has affected the social organization among the Kansa, Ponka, and Teton.
There have been instances of emigration from one tribe to another of the
same linguistic family; and among the Dakota new gentes have been formed
by the adoption into the tribe of foreigners, i.e., those of a different

Two classes of organization are found in the constitution of the state,
viz, (1) major organizations, which relate directly to government, and (2)
minor organizations, which relate only indirectly to government. The
former embraces the state functionaries, the latter comprises

Although the state functionaries are not clearly differentiated, three
classes of such men have been recognized: chiefs, policemen or soldiers,
and young men or the common people. The chiefs are the civil and
religious leaders of the masses; the policemen are the servants of the
chiefs; the young men are such as have not distinguished themselves in war
or in any other way. These last have no voice in the assembly, which is
composed of the chiefs alone. Among the Omaha there is no military class,
yet there is a war element which is regulated by the Elk gens. The cixida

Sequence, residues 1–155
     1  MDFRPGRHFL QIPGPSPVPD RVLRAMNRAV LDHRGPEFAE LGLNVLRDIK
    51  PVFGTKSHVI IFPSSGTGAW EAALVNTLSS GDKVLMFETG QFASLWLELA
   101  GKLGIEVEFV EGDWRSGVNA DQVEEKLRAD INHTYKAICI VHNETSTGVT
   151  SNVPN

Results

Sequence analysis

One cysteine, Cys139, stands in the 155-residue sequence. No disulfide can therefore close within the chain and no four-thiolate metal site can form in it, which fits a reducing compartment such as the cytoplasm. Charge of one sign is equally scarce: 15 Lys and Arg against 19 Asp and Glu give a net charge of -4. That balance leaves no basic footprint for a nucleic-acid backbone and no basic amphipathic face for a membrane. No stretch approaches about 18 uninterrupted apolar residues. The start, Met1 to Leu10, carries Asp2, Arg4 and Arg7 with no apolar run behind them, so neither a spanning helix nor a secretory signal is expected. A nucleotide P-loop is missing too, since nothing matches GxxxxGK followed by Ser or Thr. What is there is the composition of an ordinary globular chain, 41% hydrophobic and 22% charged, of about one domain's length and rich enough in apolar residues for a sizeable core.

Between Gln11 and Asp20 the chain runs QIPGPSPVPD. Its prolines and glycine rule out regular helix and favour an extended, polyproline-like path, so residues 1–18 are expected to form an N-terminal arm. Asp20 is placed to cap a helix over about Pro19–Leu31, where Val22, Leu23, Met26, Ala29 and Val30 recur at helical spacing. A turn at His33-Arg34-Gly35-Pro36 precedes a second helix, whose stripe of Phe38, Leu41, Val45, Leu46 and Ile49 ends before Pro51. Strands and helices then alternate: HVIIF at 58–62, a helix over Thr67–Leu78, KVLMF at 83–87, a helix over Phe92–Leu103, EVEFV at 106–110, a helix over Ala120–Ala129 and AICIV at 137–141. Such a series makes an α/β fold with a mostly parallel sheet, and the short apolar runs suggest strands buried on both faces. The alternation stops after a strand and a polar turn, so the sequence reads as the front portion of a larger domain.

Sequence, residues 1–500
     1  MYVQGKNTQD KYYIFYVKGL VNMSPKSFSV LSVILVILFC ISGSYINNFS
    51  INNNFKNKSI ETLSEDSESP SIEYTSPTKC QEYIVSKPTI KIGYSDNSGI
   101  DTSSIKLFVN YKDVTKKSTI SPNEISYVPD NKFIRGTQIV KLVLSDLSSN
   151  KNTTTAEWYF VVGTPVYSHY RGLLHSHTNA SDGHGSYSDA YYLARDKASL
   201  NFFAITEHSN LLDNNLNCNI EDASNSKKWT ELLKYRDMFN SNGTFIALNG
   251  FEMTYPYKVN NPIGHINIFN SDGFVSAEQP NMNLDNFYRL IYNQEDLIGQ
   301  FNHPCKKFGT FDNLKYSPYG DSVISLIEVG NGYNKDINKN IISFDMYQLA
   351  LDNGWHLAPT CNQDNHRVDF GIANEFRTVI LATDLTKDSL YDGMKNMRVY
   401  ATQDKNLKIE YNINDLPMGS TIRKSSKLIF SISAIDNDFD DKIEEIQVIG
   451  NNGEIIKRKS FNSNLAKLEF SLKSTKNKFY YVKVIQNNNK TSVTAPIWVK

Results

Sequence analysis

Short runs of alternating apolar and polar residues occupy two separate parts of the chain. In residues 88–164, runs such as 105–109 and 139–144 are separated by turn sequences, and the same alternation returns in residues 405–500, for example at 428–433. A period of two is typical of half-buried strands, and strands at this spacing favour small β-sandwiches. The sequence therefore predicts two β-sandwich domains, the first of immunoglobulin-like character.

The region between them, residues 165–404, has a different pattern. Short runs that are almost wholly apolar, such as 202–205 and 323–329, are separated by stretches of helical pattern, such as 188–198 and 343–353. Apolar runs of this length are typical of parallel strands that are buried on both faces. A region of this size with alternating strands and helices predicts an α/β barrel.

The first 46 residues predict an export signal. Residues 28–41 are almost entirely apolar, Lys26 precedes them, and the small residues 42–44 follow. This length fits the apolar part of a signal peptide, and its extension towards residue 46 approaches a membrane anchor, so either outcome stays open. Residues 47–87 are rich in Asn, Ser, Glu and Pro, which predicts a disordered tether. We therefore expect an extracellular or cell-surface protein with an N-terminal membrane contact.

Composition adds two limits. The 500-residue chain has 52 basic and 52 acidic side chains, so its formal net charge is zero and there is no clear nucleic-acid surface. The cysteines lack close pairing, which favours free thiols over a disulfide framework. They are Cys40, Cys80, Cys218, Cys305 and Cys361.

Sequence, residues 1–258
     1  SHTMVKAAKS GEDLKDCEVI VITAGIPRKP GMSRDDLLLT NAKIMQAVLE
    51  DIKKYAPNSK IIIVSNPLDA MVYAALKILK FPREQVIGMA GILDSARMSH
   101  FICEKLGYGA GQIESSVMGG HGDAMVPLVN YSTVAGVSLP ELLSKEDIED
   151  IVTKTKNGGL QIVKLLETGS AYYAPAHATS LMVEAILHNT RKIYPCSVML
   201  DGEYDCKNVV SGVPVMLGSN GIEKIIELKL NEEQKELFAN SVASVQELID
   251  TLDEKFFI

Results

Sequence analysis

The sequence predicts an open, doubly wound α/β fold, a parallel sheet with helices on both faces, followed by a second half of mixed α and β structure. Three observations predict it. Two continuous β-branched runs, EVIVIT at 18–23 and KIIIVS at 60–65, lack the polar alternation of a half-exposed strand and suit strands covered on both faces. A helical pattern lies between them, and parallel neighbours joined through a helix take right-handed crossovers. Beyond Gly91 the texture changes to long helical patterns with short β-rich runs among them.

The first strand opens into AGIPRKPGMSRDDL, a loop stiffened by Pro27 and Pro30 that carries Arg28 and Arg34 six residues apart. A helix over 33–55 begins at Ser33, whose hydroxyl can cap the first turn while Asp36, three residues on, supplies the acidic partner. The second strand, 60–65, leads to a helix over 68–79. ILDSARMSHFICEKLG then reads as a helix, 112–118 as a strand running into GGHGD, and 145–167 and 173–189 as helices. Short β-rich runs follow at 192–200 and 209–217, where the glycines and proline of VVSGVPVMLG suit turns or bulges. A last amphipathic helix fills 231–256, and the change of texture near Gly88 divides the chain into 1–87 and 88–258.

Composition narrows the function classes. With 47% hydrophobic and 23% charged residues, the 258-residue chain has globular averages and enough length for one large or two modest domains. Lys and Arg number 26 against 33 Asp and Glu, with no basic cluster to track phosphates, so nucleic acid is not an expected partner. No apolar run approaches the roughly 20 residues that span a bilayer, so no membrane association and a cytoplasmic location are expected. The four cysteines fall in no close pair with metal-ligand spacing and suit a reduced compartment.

gens and part of the Nika*d*a{~LATIN SMALL LETTER OPEN O~}na gens of the Ponka tribe are considered to
be the warriors of the tribe, though members of other gentes have
participated in war. In the Kansa tribe two gentes, the Large Hanga and
the Small Hanga, form the phratry connected with war, though warriors did
not necessarily belong to those gentes alone. In the Osage camping circle
all the gentes on the right side are war gentes, but the first and second,
reckoning from the van, are the soldiers or policemen; while all the
gentes camping on the left are associated with peace, though their first
and second gentes, reckoning from the van, are policemen or soldiers.
Among the Omaha both officers and warriors must be taken from the class of
young men, as the chiefs are afraid to act as leaders in war; and among
both the Omaha and the Ponka the chiefs, being the civil and religious
leaders of the people, can not serve as captains, or even as members, of
an ordinary war party, though they may fight when the whole tribe engages
in war. Among the Dakota, however, chiefs have led in time of war.

Corporations among the Siouan tribes are minor organizations, indirectly
related to the government, though they do not constitute a part of it. The
Omaha, for instance, and perhaps other tribes of the family, are organized
into certain societies for religious, industrial, and other ends. There
are two kinds of societies, the brotherhoods and the feasting
organizations. The former are the dancing societies, to some of which the
physicians belong.

Social classes are undifferentiated. Any man can win a name and rank in
the section, gens, phratry, tribe, or nation by bravery in war or by
generosity in the bestowal of presents and the frequent giving of feasts.
While there are no slaves among the Siouan tribes, there are several kinds
of servants in civil, military, and religious affairs.